Once you've rated every application along both axes, you'll clearly see which of them are easy to move and will have the most business impact once they're moved. For each of them, perform financial modeling to compare the costs of leaving the application as is or moving it. First, determine the costs of leaving them as is. So, for an application running on legacy hardware, include how much power it uses, how much cooling it requires, how many square feet it needs in the data center, how much administrators' time it requires, and how many licenses you need. Add all that up to determine how much it costs to run the application every year on legacy hardware.
Compare that to the costs of moving each application to an on-premises model, based on what you'll be charged for consumption. That will give you a good estimate of the return on investment for moving each application.
Step 3: Right-size the environment for applications and workloads
After the decision has been made about which applications to move, match the capacity you'll pay for with your enterprise's actual needs. Doing that requires right-sizing the environment the applications and workloads are going to be run in.
Let's say an enterprise has decided to move 50 applications to an on-premises consumption model. It's impractical to move them all at once. They should instead be migrated in a series of waves. Doing this helps determine the right-size environment. That's because it can be difficult ahead of time to estimate how much capacity all 50 applications will require. But if you migrate them gradually, you'll create the new environment in bite-sized increments with each new wave, so that when you finish the migration, you'll have right-sized the environment.
Step 4: Choose the right tools
So you've moved your applications to an on-premises consumption model, but your work isn't over—in fact, it's just beginning. Because now you'll need to manage your applications and environment with the right tools to give end users and IT the most productive as-a-Service experience.
Different job titles will need different types of tools. Developers need tools that let them easily and quickly provision VMs and containers. The best of those tools use automation so that developers can merely click buttons to set things such as machine size, network connectivity, disk size and types, and backup schedules.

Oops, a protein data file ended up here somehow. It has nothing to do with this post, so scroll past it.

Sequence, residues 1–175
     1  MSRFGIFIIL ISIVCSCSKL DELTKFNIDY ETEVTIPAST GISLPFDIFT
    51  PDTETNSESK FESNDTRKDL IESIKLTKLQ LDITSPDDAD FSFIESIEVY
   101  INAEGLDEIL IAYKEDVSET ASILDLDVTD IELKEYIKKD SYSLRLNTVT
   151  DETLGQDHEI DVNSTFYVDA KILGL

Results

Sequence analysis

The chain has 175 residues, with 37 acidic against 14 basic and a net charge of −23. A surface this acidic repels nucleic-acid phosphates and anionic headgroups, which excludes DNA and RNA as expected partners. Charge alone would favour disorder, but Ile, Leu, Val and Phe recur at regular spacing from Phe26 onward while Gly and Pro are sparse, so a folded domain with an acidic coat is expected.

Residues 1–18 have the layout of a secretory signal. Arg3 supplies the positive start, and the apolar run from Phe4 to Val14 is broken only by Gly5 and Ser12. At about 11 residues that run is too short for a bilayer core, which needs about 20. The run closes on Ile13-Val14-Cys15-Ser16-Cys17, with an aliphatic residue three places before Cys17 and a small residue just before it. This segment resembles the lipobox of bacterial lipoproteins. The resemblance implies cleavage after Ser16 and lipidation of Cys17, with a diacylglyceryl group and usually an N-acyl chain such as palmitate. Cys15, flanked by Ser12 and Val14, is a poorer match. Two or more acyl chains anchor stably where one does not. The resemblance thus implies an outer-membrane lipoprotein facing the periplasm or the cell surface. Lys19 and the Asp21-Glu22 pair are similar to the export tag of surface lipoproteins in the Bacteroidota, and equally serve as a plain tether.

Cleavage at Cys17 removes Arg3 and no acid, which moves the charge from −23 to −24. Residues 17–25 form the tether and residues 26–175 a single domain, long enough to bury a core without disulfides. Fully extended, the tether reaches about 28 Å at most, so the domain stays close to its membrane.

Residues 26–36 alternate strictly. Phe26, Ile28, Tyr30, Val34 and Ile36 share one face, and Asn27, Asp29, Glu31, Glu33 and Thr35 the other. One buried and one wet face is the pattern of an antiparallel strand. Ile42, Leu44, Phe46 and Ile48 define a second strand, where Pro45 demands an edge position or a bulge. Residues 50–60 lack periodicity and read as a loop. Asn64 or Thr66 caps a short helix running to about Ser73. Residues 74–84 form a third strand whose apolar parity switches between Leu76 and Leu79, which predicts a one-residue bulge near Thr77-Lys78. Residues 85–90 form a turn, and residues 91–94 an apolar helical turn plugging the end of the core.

IT teams need tools to perform their most important management and troubleshooting tasks, such as monitoring performance and costs, provisioning environments, managing lifecycles, doing backups, and handling compliance issues. And data scientists need tools that let them immediately start using machine learning and artificial intelligence without worrying about provisioning and other back-end tasks.
Step 5: Choose the right partner
To do all this, businesses must choose the right partner that can rapidly provide the infrastructure, services, and tools needed to deliver on-premises cloud services. They should look for a partner that recognizes that most companies live in a hybrid world and that there are no longer one-size-fits-all solutions.
The ideal partner must be comfortable working with on-premises, public cloud, hybrid cloud, and SaaS models, and have experience with a broad set of technologies. Look for a partner that can guide you in finding the right mix of technologies based on your workloads, applications, and business requirements, and has a solid team in place for service and support.
Follow these five steps, and your business can expect to see significant savings and operating improvements by shifting to on-premises cloud services. Companies that make the move correctly can expect to see an approximate 30 percent reduction in CapEx and a 65 percent reduction in the time it takes to deploy projects.
- Getting the right mix: Erik Vogel discusses HPE GreenLake's consumption-based IT services in this podcast
This article/content was written by the individual writer identified and does not necessarily reflect the view of Hewlett Packard Enterprise Company.